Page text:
Richard Hayward

Richard Hayward Deceased

Guidebook Information
Coast to Coast Walk



Pembrokeshire Coast Path Guide
Of Dragons and Wildflowers



Explore the coast of South Wales, blanketed with wildflowers each spring.  Visit woollen mills, ancient tombs, a reconstructed Celtic village, and St. David's Cathedral.  Discover the beauty, history, and people of Wales.  B&B list, pub notes, maps, etc.
#BF84812 112pp.



$12 postpaid

Guidebook Excerpt:

Pwll Deri to Trevine (9 or 11 miles). . . . The next mile and a half to Penbwchdy Head is a high-level, level walk along the edge of the 200-foot Pembrokeshire Plateau. The path becomes stony under- foot and rises slowly to the viewpoint above Penbwchdy Head. It threads between farmland and cliffs, providing a natural rock garden for wildflowers, sea birds and even butterflies. The undulating farm fields that sweep inland from the coastal cliffs require a wide-angle camera to capture their full effect. There is no access to this stretch of the coast by road. Those who stay on the road -- one mile inland -- remain unaware of the spectacular scenery available just over the hill.

At Penbwchdy Head itself, a short detour onto the headland will bring you to a small circular drystone wall shelter of mysterious but modern origin. It is an impressive example of a simple drystone wall about 12' in diameter -- and may tempt you to try one in your own backyard! It works equally well as a windbreak, campsite or picnic spot, although not as a rain shelter since it is roofless. (Add a roof to the one in your backyard, and create a "Welsh gazebo.") Although modern in origin, the rough stone structure manages to capture the spirit of old ways in an ancient land. Because stones are real, things made with them seem to have existed forever. This ingenious little shelter is no exception.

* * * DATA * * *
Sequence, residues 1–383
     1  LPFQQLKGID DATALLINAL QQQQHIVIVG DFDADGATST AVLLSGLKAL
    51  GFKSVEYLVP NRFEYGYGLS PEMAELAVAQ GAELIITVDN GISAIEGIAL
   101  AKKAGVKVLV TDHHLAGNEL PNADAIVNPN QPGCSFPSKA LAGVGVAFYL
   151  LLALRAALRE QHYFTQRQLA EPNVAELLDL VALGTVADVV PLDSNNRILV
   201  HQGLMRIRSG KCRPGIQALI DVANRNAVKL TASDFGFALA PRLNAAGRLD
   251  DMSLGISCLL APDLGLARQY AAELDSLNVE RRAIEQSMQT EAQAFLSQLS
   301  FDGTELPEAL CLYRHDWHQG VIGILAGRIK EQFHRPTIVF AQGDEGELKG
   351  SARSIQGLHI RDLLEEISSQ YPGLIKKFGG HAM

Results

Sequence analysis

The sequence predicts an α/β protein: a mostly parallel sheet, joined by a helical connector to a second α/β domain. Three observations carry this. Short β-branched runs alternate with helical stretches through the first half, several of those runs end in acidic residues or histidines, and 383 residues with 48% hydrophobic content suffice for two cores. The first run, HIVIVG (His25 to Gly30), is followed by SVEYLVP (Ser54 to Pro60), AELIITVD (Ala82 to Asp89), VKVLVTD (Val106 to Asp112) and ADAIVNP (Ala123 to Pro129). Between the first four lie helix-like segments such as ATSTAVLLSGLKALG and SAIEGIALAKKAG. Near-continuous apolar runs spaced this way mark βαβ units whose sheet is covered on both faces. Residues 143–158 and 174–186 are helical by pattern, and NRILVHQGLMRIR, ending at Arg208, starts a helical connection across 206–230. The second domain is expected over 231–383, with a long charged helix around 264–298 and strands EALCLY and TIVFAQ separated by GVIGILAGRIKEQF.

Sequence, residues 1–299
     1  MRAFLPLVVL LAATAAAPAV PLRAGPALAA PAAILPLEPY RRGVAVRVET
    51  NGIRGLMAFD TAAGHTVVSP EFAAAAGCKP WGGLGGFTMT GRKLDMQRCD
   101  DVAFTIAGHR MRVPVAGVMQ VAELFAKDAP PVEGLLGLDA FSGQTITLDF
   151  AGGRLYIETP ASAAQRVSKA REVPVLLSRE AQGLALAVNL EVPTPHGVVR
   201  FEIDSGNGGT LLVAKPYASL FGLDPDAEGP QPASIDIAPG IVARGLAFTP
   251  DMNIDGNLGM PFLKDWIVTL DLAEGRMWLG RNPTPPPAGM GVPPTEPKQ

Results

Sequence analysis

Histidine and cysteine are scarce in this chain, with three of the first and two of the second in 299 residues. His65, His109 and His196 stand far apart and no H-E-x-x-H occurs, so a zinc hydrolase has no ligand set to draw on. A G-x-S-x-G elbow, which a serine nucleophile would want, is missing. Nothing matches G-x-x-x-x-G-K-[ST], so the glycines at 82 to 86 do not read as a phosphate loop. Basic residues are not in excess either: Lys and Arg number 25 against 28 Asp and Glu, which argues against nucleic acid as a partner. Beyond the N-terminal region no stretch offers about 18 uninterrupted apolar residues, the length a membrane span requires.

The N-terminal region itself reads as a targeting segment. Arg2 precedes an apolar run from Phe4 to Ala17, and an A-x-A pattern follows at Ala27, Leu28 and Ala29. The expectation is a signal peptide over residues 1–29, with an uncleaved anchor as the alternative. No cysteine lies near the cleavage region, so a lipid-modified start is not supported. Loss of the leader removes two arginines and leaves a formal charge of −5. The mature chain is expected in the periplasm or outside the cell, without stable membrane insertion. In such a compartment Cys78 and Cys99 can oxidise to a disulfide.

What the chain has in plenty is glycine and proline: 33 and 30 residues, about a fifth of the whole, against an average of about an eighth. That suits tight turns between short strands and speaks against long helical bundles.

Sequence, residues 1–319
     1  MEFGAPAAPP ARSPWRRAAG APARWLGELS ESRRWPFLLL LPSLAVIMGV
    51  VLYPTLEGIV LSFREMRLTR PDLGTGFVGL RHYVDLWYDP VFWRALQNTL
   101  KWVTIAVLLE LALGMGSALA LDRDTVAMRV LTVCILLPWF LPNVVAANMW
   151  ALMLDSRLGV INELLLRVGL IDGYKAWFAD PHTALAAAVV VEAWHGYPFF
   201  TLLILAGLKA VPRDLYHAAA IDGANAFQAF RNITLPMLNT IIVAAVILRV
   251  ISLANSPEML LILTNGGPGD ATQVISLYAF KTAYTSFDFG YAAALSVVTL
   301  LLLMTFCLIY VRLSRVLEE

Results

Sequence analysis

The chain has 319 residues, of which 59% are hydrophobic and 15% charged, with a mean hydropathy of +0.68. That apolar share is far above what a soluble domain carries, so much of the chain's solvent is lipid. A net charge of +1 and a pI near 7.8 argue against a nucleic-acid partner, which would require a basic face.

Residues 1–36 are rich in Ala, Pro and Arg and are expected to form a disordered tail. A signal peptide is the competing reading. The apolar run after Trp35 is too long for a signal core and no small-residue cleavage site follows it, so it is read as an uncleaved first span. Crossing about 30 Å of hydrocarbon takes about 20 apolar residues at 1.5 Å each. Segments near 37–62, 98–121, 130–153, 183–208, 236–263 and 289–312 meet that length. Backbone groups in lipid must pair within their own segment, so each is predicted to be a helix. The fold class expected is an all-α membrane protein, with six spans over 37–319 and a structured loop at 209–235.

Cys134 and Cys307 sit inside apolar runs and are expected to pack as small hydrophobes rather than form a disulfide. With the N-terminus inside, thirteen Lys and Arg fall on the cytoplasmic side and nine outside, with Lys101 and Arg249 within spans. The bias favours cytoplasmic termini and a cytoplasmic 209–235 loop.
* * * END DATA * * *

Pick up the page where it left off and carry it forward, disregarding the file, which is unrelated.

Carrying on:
Several paths lead across Penbwchdy Head. Just keep the water on your right and the fields on your left, and you'll be fine.

Having risen slowly to the viewpoint above Penbwchdy Point, the coast path now descends slowly to Pwllcrochan Bay where there are two steep sections. The first descent needs more steps. The second down and up can be avoided by an unofficial short cut. Turn left at the stile, hop across the small stream, and follow the wire fence to join a path obviously used by locals. However, the initial crossing of the stream and scramble up beside the fence are for the nimble-footed only.

Next comes a gentle mile-long stroll around to the two sheltered pebble beaches of Aber Bach and Aber Mawr. This stretch is delightfully level and smooth underfoot. The first cove -- smaller of the two -- is my favorite. It seems to evoke creativity in people -- whether in the form of baby stonehenges on the beach, or eccentric sculp-tures tucked into the cliffside as collages of colored stones, coat hangers and old bed springs.
Also recommended:

Landranger Map #157 (St. David's...) 


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